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One battle where truth is trumped by politics

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By HOWARD TROXLER, Times Columnist

© St. Petersburg Times
published January 31, 2002

TALLAHASSEE -- Suppose that somebody is saying something that you think is untrue. Not only do they say it, but they publish it. Not only do they publish it, but they put a bunch of commercials on television.

The more you hear it, the madder you get. How unfair, you think! How can they get away with misleading people like that!

But unless the speakers are violating a specific, limited law -- libel, copyright, trade secret, that sort of thing -- they are free to say what they want, especially in politics. Even if others say it's untrue.

This is the situation in Tallahassee. Our state Senate is rightly trying to reform Florida's taxes. But lots of citizens and interest groups are opposed. Florida's television stations are donating commercial time to criticize the Senate, and senators by name.

Maybe you've seen these commercials. They claim that under the tax plan "tourists are the winners and Floridians are the losers." They say the Senate wants to tax day care, electric and long-distance bills, mortgage interest, insurance -- even funerals.

Are these accusations true? Not specifically. The current version of the Senate plan does not give a tax break to tourists. Neither does it tax some of the items listed.

But the Florida Association of Broadcasters defends the ads, which it has produced. The proposed amendment to the state Constitution does not spell out anything. The specifics have to be set by the Legislature -- and could be changed any time. Already, the plan has been through several changes.

"Not worth the paper it's written on," says Pat Roberts, president of the broadcasters.

Senators understandably do not like being the target of nasty advertising. Some of them have even formed their own political action committee for a counter-campaign.

But this week, the senators' committee -- called Floridians Against Inequities in Rates, or FAIR -- went a step further. It got a lawyer to write a letter to Florida's TV stations, making vague rumblings about the stations' federal broadcast licenses.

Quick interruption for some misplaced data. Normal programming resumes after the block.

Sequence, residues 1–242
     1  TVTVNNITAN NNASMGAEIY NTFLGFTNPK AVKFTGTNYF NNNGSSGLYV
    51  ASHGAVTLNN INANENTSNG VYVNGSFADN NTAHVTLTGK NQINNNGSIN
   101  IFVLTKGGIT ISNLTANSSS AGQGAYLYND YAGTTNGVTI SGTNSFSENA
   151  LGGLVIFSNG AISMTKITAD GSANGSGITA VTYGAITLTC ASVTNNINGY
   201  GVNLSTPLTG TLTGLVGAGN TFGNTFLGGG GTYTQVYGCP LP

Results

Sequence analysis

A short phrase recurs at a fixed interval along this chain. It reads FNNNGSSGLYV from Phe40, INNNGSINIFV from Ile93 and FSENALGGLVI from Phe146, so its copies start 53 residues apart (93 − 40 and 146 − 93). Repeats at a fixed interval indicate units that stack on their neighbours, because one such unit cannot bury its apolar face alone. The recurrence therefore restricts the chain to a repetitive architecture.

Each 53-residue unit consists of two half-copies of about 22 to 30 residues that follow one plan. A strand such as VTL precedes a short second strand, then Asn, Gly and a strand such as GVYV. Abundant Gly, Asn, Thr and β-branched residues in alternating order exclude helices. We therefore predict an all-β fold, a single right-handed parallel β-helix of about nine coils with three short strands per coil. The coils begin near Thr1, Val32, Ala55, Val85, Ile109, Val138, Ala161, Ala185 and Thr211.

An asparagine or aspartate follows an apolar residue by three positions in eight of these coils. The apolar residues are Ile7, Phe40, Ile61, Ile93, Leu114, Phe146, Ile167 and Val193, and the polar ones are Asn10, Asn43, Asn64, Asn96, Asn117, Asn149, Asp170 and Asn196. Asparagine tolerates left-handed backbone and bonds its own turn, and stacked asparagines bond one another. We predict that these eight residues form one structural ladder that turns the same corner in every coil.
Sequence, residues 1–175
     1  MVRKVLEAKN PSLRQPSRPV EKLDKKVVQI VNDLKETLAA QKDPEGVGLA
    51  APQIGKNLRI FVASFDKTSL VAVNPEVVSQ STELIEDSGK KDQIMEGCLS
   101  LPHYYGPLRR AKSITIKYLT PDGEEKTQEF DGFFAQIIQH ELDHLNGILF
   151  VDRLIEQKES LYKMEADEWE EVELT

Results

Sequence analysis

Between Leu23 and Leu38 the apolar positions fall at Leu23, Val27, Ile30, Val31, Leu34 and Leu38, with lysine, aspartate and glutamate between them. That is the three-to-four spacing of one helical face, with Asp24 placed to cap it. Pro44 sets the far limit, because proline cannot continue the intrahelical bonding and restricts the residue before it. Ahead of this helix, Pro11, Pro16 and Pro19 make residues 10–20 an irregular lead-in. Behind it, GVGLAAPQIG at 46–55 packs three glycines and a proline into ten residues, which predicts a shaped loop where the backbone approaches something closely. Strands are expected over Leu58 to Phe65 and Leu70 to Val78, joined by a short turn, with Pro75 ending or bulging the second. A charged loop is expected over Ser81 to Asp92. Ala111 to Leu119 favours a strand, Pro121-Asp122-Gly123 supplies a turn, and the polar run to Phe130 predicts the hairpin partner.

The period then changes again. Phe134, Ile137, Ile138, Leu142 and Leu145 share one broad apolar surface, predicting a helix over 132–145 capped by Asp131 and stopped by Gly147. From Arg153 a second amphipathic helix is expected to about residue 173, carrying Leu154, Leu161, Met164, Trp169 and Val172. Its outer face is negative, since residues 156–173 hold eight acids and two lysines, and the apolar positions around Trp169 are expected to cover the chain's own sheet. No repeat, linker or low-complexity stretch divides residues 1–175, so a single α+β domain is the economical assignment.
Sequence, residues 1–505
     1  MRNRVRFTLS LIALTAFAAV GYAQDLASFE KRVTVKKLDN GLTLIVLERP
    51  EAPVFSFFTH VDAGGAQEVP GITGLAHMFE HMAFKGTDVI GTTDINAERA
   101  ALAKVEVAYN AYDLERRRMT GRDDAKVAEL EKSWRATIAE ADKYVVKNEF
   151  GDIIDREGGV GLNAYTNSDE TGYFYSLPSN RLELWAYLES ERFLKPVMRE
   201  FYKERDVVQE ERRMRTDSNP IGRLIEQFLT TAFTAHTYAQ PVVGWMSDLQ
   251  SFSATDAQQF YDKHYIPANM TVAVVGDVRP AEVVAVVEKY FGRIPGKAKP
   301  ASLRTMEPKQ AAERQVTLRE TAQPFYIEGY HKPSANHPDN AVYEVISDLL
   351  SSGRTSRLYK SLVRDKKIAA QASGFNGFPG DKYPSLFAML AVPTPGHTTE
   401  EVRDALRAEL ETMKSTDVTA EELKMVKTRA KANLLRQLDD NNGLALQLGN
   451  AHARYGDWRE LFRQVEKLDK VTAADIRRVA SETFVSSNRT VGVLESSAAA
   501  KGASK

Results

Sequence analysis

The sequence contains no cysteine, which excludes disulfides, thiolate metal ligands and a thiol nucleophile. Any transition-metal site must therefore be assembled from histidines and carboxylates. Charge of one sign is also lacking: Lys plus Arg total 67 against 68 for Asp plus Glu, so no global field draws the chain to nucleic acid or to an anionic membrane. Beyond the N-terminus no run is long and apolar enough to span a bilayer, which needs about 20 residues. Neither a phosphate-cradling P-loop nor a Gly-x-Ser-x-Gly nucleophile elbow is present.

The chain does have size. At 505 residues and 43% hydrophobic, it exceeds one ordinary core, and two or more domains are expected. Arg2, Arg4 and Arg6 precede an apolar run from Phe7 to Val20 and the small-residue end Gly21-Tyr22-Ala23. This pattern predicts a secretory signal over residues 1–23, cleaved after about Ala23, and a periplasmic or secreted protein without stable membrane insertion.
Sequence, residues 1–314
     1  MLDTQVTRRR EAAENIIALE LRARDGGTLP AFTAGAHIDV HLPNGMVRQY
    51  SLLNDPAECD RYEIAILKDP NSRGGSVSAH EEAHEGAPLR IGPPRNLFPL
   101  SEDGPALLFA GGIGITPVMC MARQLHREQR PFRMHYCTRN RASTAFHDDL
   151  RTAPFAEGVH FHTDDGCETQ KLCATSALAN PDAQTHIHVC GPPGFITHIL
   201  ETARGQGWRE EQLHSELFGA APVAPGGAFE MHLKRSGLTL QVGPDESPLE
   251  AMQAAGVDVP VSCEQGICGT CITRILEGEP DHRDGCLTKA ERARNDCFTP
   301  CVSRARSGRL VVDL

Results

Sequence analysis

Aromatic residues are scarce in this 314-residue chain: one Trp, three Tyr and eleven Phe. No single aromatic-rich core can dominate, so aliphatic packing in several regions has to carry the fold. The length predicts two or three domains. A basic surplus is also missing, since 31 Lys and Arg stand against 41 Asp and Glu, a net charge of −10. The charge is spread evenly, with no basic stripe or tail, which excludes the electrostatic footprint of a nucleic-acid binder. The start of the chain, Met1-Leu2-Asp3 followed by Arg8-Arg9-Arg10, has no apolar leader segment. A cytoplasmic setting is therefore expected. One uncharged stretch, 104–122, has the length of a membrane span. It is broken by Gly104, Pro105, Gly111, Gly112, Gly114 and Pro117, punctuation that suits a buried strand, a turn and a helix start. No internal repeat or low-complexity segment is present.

"Under any objective standard, the advertisement is false and misleading," writes the lawyer, Mark Herron of Tallahassee. He said TV stations have an economic conflict of interest. (Advertising is not taxed in the plan, but the stations fear it could be one day.)

This conflict of interest, Herron went on, "has clouded your obligation to the public under the licenses granted by the Federal Communications Commission." He asks stations to stop, or to grant air time to the other side.

When you parse Herron's letter, there is not much of a legal leg to stand on. Even if there might have been an equal-time claim under the old Fairness Doctrine, that was repealed years ago. But broadcasters are prickly about their licenses. Even winning an FCC case could cost them plenty.

"I think they tried to use the bully pulpit of the Senate to scare or intimidate station owners and general managers," Roberts said. His association sent out a counter-memo telling stations they were free to do as they chose.

I asked Sen. Jack Latvala, R-Palm Harbor, about this effort. Latvala said nobody is trying to intimidate. Often, in his experience, television stations and newspapers refuse misleading ads. Do any laws at all apply to this? Latvala says all he's trying to do is find out.

But once the answer is proven to be no, the Senate should recede from the legal stuff and stick to the political campaign. The government can't be the judge of which political speech by the citizens is "true" and which carries consequences for being "wrong." Neither should the political content of broadcasting be a factor in what ought to be the neutral matter of licensing.

It is true that TV stations are supposed to provide "public service" under their licenses. The suggestion is that Florida's television stations are violating their duty by serving their own interests, not the public's. But who is going to be the judge of that? Who is going to be the content police, deciding which political opinions on TV are true, and which deserve consequences? The government? No.

-- You can reach Howard Troxler at (727) 893-8505 or at

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